Lesson plan for MFT 225, Diversity Issues in MFT
Topic: White Privilege
Purpose: To gain awareness how white privilege may influence us as therapists, and how it may influence our clients.
Introduction: With this exercise, our target is to become more aware of how white privilege may influence us as societal members.
In chapter 11, “White Privilege: Unpacking the Invisible Knapsack,” Peggy McIntosh argues that in the United States, whites have privileges that people of other races do not have. This is different from the notion from racism or prejudice, because people who benefit from white privilege do not necessarily hold racist beliefs themselves. I am a white man, talking to a group that is mostly white, so we have a particular challenge, because it is especially difficult for white people to learn about white privilege. We tend to think of white privilege as a black or a latino issue. And when we begin to recognize that we have privilege, we may find ourselves unconsciously justifying why things are the way they are. “Whites are more industrious,” or “Whites commit less crime,” so you may begin to look for evidence that may tap into racial stereotypes. McIntosh calls this the “myth of meritocracy, the myth that democratic choice is equally available to all.” The reason meritocracy in America is a myth is because white Americans rely on an inheritance of social and financial privilege from their ancestors that they would not have inherited if their ancestors were slaves, for example.
Consider some statistics presented by Ray Hartmann in an article called “Blinded by the White.” According to the 2006 Census, 80% of Americans were white.
Of the nation’s airplane pilots, 98.3 percent are white.
Of the nation’s geologists, 95.9 percent are white.
Of the nation’s dentists, 95.6 percent are white.
Of the nation’s authors, 93.9 percent are white.
Of the nations lawyers, 93.8 percent are white.
Of the nation’s aerospace engineers, 93.8 percent are white.
Of the nation’s economists, 91.9 percent are white.
Of the nation’s architects, 90.6 percent are white.
Only 37 percent of the nation’s jail inmates were white in 1994 (as compared with 56 percent in 1978), and only 46 percent of the prisoners executed in the past six decades were white. Only 60 percent of the children living below the poverty line are white. Black and Latino American males are three times more likely than white males to have their vehicles stopped and searched by police. Black youth arrested for drug possession for the first time are incarcerated at a rate that is forty eight times greater than the rate for white youth, even when all other factors surrounding the crime are identical.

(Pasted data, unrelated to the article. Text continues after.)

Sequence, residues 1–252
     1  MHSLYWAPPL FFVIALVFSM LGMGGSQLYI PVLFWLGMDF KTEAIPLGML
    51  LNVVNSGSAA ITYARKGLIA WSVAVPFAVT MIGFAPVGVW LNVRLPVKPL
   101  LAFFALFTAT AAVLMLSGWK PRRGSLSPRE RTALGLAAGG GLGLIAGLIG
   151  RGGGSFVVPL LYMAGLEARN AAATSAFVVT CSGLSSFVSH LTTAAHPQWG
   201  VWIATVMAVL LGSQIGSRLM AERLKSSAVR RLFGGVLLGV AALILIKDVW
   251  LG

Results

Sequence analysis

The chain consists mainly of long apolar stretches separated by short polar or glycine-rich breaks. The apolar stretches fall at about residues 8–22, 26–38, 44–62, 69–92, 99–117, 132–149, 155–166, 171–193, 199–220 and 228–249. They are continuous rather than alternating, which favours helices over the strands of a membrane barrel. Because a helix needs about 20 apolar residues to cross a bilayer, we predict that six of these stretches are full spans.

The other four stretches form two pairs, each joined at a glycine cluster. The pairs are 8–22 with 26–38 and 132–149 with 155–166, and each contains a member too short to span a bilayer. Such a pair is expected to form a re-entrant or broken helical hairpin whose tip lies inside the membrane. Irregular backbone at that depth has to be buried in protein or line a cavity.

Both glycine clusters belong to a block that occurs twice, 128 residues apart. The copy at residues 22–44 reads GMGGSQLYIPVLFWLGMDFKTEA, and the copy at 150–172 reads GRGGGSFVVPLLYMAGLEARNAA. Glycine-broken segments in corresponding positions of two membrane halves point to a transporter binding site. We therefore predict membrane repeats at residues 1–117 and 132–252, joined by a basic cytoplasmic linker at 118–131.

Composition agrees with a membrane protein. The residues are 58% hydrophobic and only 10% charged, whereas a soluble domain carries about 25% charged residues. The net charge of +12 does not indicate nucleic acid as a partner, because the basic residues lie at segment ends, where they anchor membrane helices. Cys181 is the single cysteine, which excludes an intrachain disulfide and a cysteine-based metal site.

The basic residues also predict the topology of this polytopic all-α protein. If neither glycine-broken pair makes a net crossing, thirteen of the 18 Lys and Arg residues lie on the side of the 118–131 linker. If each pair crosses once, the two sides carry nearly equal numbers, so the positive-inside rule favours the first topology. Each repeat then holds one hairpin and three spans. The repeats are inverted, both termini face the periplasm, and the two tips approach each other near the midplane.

But again, this is not racism. This is white privilege. Hartmann concludes his article this way: “Yes, we’re a color blind society when it comes to ‘preferences,’ all right. We can’t see the white.”
Most white people do not think to describe themselves as white, whereas people of other races usually describe their race. This is because when one’s own identity is congruent with that of the dominant culture, one is apt to take those traits for granted. We would probably all agree on the default categories for individual identity in the U.S.
Below are categories of unmarked and marked groups.
racewhiteblack, Hispanic, Indian
religionChristianMuslim, Jew, Buddhist
sexual orientation straightgay, bisexual, transgendered
economicmiddle classrich, poor
Christine Sleeter, who is a professor at California State University, stated in an interview:
If I do well at something, nobody is going to say, “You’re a credit to your race.” Saying that presumes that the race that the person is a member of ordinarily doesn’t do very well.
Because I am white, nobody says that about me. Yet such statements frequently surround kids of color. People make assumptions about their intellectual ability, about their family support, simply on the basis of their skin color. (from http://www.rethinkingschools.org/ archive/15_02/Int152.shtml)
Please answer ALL of the following questions in a 1 2 page paper formatted in APA style:
What did you learn?
How can you apply this information to your current and future occupation?
What other ways can you use this information?